BBC tightens rules on sponsorship after 15 breaches

A plantation worker plucks off oil palm bunches from trees on the outskirts of Kuala Lumpur (file photo) Investigations into Malaysia's palm oil industry were found to be in breach of guidelines

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The BBC is to impose tougher rules on sponsored programmes broadcast by its commercial channels, after 15 shows were found to have breached guidelines.

The programmes were all shown on BBC World News available outside the UK.

Among those found in breach were shows about Malaysia, produced by FBC, a UK firm that had an "apparent financial relationship" with the government.

However, the BBC Editorial Standards Committee said none of the programmes breached guidelines on impartiality.

Nonetheless, the committee regarded the policy breaches as "serious editorial failings" and said they "risked undermining the editorial integrity of [the BBC's] output".

Richard Porter, head of English at BBC Global News, said staff would pay heed to the findings.

"We must not damage the audience's trust in what we broadcast," he wrote in a public blog post. "We know we have some hard work to do to make up for this, but we are determined to do so."

Meanwhile, broadcasting watchdog Ofcom has confirmed it is launching its own investigation into the programmes.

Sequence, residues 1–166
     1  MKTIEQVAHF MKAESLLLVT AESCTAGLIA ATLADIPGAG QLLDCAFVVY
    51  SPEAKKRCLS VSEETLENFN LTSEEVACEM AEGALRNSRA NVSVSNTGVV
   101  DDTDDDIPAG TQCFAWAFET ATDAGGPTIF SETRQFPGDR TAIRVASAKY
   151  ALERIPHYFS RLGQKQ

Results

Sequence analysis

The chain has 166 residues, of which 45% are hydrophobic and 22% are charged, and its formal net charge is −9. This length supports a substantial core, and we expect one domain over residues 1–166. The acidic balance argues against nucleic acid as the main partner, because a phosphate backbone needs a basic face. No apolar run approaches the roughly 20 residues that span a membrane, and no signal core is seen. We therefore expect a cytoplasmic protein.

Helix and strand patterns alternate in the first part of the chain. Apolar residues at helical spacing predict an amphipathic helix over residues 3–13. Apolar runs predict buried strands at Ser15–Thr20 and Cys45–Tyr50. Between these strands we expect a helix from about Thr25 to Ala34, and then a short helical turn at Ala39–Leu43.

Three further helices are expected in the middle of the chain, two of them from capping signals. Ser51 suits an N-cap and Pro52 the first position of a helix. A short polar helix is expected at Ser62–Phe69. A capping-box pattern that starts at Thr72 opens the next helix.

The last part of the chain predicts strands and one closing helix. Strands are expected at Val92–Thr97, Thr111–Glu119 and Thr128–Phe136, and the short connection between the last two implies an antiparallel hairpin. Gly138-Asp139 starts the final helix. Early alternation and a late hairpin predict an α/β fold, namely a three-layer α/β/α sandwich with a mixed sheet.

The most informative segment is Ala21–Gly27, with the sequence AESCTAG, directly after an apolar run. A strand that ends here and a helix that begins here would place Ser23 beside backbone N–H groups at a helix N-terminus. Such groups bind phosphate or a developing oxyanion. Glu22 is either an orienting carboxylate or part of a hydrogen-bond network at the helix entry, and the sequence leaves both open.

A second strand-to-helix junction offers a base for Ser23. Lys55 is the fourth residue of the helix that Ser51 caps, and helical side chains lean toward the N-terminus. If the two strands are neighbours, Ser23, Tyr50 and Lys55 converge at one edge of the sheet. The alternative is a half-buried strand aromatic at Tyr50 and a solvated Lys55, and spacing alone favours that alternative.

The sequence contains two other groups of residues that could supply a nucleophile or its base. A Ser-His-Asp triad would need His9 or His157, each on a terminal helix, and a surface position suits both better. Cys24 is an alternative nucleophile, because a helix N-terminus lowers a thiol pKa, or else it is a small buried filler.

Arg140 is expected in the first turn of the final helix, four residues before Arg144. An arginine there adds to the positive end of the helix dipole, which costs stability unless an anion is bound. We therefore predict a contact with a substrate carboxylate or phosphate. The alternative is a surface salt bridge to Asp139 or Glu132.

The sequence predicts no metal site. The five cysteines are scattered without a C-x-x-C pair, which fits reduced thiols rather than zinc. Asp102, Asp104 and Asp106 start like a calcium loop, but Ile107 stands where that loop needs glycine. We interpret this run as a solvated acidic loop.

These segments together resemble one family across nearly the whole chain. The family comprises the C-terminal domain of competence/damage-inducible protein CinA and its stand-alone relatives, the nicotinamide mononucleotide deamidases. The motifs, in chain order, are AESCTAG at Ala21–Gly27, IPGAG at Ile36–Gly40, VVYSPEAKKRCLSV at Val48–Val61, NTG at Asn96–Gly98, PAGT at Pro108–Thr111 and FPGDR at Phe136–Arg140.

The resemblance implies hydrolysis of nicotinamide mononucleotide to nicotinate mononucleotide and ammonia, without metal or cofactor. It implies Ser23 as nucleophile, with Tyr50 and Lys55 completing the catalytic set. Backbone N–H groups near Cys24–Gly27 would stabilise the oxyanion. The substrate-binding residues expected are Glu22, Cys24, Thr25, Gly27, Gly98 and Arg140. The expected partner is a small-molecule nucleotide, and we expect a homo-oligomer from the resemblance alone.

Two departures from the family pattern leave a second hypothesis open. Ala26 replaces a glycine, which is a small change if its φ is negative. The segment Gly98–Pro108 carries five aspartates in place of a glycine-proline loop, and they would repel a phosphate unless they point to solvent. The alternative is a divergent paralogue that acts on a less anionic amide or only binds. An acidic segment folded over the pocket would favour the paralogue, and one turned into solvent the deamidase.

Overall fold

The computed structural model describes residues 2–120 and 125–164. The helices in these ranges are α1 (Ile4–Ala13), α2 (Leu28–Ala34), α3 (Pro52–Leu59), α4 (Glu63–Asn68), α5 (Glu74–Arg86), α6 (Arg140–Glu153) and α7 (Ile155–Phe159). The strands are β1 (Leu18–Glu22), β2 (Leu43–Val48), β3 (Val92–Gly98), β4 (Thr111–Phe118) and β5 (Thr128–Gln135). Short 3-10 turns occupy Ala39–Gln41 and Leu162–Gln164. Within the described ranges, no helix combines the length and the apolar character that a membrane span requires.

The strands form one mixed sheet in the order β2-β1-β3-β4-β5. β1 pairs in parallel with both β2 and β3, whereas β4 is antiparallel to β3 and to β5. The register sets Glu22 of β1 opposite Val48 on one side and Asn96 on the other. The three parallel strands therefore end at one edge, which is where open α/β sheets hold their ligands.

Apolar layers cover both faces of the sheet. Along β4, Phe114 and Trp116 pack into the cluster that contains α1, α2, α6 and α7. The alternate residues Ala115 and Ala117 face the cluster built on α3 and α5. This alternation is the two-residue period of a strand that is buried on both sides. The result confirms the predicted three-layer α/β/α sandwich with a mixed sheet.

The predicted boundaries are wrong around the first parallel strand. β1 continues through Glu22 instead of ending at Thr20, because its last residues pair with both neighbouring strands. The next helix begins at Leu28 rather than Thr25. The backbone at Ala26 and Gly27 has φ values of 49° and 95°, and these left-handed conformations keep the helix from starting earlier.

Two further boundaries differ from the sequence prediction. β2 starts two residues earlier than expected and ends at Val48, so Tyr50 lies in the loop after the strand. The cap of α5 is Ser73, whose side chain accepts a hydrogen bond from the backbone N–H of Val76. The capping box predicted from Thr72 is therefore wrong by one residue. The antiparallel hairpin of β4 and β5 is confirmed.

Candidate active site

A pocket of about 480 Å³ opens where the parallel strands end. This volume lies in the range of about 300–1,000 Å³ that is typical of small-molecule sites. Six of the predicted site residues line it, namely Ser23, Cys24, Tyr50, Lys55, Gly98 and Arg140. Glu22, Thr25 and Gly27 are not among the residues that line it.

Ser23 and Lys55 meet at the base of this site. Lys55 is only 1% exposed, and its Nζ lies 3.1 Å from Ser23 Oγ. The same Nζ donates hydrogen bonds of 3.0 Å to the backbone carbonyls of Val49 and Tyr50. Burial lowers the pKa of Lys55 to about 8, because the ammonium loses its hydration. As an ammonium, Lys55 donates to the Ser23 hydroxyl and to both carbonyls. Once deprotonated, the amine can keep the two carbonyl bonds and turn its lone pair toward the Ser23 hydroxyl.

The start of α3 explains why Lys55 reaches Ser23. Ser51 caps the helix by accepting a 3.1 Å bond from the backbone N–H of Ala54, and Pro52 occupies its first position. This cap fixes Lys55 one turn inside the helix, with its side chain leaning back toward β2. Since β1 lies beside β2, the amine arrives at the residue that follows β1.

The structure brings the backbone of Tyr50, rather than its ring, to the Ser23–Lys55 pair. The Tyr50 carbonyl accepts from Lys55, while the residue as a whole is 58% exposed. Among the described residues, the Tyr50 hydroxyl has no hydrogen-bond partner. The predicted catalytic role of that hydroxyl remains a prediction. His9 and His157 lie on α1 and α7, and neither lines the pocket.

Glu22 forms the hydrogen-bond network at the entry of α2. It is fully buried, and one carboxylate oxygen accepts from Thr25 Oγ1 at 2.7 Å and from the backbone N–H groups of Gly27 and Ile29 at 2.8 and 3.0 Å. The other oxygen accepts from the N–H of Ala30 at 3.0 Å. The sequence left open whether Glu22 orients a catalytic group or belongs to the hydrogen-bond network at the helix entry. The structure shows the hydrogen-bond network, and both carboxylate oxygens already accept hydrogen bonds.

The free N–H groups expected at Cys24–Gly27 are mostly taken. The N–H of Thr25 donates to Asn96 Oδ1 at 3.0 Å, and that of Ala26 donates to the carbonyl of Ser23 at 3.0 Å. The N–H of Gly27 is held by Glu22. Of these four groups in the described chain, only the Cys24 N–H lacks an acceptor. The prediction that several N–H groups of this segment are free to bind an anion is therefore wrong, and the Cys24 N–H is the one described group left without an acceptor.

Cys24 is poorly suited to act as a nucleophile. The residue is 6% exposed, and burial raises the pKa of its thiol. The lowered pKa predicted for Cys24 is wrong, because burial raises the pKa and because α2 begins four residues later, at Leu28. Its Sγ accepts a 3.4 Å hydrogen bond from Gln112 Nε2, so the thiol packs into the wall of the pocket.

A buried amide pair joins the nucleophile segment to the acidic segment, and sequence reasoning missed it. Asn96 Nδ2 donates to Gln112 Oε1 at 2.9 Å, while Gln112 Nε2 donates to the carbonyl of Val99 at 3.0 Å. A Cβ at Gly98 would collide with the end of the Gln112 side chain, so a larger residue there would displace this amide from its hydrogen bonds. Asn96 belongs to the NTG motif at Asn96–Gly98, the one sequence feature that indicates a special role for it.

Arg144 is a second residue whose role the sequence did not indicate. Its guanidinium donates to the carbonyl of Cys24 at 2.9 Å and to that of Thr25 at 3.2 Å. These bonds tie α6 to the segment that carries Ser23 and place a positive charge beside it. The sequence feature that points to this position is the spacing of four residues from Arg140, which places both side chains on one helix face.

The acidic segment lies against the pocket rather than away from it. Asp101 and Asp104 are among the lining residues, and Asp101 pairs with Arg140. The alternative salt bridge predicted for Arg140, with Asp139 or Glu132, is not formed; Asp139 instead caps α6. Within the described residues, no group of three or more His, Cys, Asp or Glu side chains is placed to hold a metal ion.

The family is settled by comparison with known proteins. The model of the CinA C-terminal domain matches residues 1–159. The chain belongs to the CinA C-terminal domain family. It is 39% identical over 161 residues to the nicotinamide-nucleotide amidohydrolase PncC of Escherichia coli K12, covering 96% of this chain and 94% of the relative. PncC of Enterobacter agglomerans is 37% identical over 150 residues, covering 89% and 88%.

Conflict of interest

The alarm was initially raised by a freelance journalist last year, who had concerns about a programme called Taking the Credit, broadcast on 23 October 2009.

It was an investigation into carbon trading, which had been made by an independent production company, Rockhopper TV, and acquired by BBC World News.

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The BBC should be transparent when accepting financial assistance with programming and should not transmit programmes where there is any suggestion that a conflict of interest might arise”

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The journalist alleged that the programme's funder, the Africa Carbon Livelihood Trust, had a Managing Director who was also the chief executive officer of Envirotrade, a company featured in the programme.

In May, the Editorial Standards Committee found the programme to be in breach of BBC guidelines.

It said an "inextricable link between the funder organisation and a project featured in the programme" led to a conflict of interest.

Furthermore, "the programme portrayed the work of Envirotrade in a positive way" breaching a requirement that sponsor's activities should not be promoted in BBC shows.

Rockhopper TV, which was not involved in any of the other incidents, has previously apologised for the error and continues to make programmes for the BBC.

However, as a result of this programme, the BBC launched an audit of all documentary or feature programmes broadcast, commissioned or acquired by BBC World between 28 February and 7 August 2011.

Shortly afterwards, the Independent newspaper published allegations that the UK-based production company FBC, which had made documentaries on controversial issues in Malaysia - such as the palm oil industry, had received "millions of pounds in payments from the government of Malaysia".